On account of this, I decided I had better go figure out what the rest of my country was like before I went travelling abroad again. While we all had some American patriotism and our language in common, I felt so different from so many of my countrywomen. I wanted to know what assumptions people might be making about me based on some other Americans they'd met who, as far as I could tell, were nearly as different from me as the Australian girls were, or the Germans.

Now that I can see the light at the end of the medical school tunnel, I am starting to think about where to explore next. I think I have a pretty good handle on what an "American girl" is, based on my experiences living around the country, so perhaps it's time to head into foreign lands!

Between binge-watching Anthony Bourdain episodes, perusing photographs of far away places on BuzzFeed, and reminiscing about our travels of the past, Hanzi and I have caught the travel bug. We regularly toss around the idea of living and working in another country, and have even set some lofty goals of learning a foreign language before we graduate with our respective master's and doctorate degrees (we haven't made any headway on this, yet). Even if we don't make it out of the country, we are ready to explore another region... perhaps Alaska, or Montana, or Maine...

Of course, I also have to think about actual employment after graduation, and for the record, I am equally excited to work as a doctor as I am to see new places. If you're like me and think you might want to explore, either now or later on, keep these resources in mind. There are several networks for naturopathic doctors around the world. Several of my friends at NUHS have traveled to work with Naturopathic Doctors International and Naturopaths Without Borders during their breaks between trimesters. My peers have returned with totally awesome stories of hands-on experience treating patients, living in rural areas, assisting in the delivery of babies by flashlight, and connecting with local people whose worlds are so very different from ours.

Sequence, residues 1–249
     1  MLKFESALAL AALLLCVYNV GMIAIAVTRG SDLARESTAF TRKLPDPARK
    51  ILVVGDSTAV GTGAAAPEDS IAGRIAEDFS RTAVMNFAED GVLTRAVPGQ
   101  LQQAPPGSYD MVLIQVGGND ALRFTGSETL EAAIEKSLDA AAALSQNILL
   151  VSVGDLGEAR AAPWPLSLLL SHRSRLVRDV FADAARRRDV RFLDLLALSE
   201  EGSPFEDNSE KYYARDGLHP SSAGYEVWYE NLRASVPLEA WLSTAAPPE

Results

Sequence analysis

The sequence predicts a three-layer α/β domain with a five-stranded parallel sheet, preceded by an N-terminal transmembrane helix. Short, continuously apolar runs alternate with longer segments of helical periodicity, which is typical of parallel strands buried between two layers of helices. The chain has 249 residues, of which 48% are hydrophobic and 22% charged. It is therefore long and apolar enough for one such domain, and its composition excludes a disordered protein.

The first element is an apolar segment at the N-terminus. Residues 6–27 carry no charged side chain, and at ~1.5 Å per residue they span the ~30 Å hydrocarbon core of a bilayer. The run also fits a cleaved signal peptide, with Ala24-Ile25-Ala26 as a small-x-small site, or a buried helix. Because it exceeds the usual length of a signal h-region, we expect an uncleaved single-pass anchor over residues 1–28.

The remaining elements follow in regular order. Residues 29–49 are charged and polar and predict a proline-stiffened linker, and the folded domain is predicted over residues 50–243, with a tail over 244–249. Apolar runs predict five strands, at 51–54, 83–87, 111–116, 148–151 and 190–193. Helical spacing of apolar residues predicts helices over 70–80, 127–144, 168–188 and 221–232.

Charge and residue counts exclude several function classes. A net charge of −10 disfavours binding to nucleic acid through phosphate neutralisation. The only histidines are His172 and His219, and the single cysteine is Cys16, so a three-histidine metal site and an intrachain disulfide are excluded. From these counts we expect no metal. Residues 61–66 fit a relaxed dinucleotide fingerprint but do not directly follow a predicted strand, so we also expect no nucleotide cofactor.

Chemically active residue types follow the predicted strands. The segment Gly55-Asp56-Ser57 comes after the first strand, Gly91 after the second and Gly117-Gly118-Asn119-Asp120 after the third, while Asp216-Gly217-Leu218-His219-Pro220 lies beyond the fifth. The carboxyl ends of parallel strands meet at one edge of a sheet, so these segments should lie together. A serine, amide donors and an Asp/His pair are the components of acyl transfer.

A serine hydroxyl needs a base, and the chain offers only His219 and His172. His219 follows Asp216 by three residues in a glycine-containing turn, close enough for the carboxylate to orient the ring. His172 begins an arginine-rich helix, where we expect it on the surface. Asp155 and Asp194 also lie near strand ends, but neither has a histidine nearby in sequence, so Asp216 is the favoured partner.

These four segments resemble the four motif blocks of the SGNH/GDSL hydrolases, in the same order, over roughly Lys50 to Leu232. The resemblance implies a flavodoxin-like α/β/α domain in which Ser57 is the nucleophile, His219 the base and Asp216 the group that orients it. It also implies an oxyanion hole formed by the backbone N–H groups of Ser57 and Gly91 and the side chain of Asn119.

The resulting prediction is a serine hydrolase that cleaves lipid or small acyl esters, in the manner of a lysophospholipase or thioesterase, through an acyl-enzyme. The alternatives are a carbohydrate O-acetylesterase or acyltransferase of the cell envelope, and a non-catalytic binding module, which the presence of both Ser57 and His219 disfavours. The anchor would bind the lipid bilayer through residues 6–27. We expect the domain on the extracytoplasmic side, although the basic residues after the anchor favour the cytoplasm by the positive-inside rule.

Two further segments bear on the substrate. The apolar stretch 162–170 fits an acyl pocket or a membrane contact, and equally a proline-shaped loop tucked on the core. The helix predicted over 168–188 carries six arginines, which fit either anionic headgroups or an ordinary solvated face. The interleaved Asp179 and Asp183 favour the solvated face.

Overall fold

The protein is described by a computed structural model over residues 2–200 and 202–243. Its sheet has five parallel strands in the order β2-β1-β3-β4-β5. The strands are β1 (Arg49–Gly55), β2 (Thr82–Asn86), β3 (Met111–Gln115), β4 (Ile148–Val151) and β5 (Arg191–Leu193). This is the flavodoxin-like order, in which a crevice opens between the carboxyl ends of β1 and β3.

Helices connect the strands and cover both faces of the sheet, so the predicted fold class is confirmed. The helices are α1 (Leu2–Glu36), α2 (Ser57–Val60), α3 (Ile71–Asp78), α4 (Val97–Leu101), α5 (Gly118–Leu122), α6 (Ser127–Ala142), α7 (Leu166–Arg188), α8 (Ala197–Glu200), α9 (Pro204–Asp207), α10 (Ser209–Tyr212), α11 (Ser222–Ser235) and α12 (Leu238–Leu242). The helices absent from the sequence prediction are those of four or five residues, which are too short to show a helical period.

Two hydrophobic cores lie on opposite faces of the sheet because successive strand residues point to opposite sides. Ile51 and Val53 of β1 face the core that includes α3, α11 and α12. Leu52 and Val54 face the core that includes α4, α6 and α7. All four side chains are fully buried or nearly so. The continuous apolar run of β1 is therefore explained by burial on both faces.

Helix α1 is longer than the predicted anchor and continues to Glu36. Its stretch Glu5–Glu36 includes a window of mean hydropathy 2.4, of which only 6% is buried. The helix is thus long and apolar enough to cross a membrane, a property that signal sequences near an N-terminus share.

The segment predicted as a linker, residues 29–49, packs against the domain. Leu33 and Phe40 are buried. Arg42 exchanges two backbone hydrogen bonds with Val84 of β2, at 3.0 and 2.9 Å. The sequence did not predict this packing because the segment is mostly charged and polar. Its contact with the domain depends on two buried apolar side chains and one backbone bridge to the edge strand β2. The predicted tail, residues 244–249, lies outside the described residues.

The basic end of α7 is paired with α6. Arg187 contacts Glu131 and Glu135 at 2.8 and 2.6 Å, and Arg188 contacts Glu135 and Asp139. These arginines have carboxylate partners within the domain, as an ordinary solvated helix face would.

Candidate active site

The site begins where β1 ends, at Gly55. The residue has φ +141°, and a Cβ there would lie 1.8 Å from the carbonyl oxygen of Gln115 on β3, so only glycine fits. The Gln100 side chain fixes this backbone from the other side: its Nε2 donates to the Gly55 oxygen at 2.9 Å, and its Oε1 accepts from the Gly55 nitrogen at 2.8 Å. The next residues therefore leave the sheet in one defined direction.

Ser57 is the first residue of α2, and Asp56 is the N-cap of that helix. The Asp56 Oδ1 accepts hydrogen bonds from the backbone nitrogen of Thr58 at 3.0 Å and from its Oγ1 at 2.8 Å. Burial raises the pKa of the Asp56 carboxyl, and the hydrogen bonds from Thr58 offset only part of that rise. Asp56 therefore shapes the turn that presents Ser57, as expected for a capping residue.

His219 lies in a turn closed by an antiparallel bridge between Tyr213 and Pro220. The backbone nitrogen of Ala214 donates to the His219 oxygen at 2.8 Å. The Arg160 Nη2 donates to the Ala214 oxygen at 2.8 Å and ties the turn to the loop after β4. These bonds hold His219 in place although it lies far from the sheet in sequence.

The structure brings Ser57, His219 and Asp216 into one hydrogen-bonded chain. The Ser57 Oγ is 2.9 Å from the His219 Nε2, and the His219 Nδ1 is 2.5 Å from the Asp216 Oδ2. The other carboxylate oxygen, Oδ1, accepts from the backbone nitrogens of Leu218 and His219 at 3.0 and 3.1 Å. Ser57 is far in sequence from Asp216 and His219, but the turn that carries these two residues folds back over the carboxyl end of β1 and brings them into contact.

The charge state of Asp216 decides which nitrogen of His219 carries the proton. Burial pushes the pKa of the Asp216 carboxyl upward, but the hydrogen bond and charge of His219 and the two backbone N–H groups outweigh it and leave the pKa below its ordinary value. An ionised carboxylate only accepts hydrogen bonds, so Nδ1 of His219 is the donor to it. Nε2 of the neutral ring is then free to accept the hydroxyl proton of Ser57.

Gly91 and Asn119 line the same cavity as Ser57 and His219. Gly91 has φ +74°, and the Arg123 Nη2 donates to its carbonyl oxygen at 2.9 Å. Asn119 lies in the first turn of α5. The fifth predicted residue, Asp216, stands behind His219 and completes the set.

In addition to delivering care to the underserved abroad, naturopathic medicine is going global with the recent creation of The World Naturopathic Federation in 2014. This organization connects naturopathic doctors in 40 countries around the world, and endeavors to connect our work with that of the World Health Organization. We might be a small population here in the United States, but we are also out there, all over the world, sharing and advancing our medicine!

An Illinois Forest Bath

It's pouring rain right now. Our basement is probably flooding, slowly. But all that water coming down makes for crisp, clean air! *Takes deep breath in...*

A few weeks ago I read the abstract to a scientific paper out of Australia that aimed to quantify the effect of exposure to nature on participants' health, and to identify an ideal dosage of nature. The conclusion was alarmingly reductionist. How many trees should we plant on the roadsides in order to make people less stressed? How can we manipulate nature in order to best serve our health needs?

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A winding path

A practice called Forest Bathing started in Japan in the 1980s. It was developed as a treatment to relieve stress. Newer studies have recognized that a consciously meditative walk in the woods can boost the immune system by increasing natural killer cells. One set of guidelines on Forest Bathing suggests you spend 3 days and 2 nights in the woods if you really want to boost your immunity. Otherwise, you may choose to spend just one day Forest Bathing to reduce stress.

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Hanzi and me, out for a walk in the woods